An Analysis to the Antigone Chorus. Analyzes the four sections: Strophe I, Antistrophe I, Strophe II, Antistrophe II and their purposes in the play.

Essay by acychan86 December 2003

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Death is a conclusion that all men must reach. It is a fate that he cannot escape and an enemy he cannot defeat. In Sophocles' Antigone, the Chorus dedicates its first ode to man's victories and its supreme vulnerability: death. The choral ode is divided into four sections: Strophe I, Antistrophe I, Strophe II, Antistrophe II, each focusing on either man's strengths, weaknesses, accomplishments, and consequences his actions yield. In Strophe II, the chorus elaborates on the triumphs man has achieved, but confesses that man has the inevitable destiny of death. In the five translations of the first choral ode composed by Fitts & Fitzgerald, Richard Emil Braun, H.D.F. Kitto, Elizabeth Wyckoff, and Paul Roche, there are nuances in such areas as format, language, and connotation in each of the translated Strophe IIs.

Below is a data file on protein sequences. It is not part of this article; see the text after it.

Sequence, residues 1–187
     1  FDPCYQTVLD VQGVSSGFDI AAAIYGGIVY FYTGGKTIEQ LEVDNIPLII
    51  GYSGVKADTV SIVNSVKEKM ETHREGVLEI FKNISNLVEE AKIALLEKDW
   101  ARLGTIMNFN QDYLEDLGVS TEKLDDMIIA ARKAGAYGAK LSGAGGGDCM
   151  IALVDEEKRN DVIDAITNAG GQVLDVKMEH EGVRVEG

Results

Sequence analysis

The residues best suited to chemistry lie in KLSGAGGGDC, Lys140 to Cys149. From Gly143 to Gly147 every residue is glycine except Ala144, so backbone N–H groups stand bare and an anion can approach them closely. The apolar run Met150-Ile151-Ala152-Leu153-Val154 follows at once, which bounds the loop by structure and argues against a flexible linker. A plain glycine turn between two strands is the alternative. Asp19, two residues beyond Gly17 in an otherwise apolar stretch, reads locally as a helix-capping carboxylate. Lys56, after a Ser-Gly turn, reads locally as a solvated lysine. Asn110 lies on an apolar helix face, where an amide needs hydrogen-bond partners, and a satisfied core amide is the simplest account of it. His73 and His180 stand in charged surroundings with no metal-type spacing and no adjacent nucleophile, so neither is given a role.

The formats each of the five translations vary from one another. The organization of the strophe differs visually as well conceptually.

In Fitts & Fitzgerald's translation, they chose to write the strophe in six lines. The first letter of each line is capitalized, and the lines can be divided into two parts; the first set consisting of four and half lines and the second set consisting of one and a half. In the first set it states that man has learned to put his thoughts into words to good use and can protect itself from the "arrows of snow, the spears of winter train." The second set starts from the last half of the fourth line and continues on to state that man has learned to protect himself from all types of wind except "the late wind of death." In Wyckoff's translation, she chooses to convey the trials and tribulations of man in seven lines. Unlike Fitts & Fitzgerald's translation, Wyckoff's strophe is written in...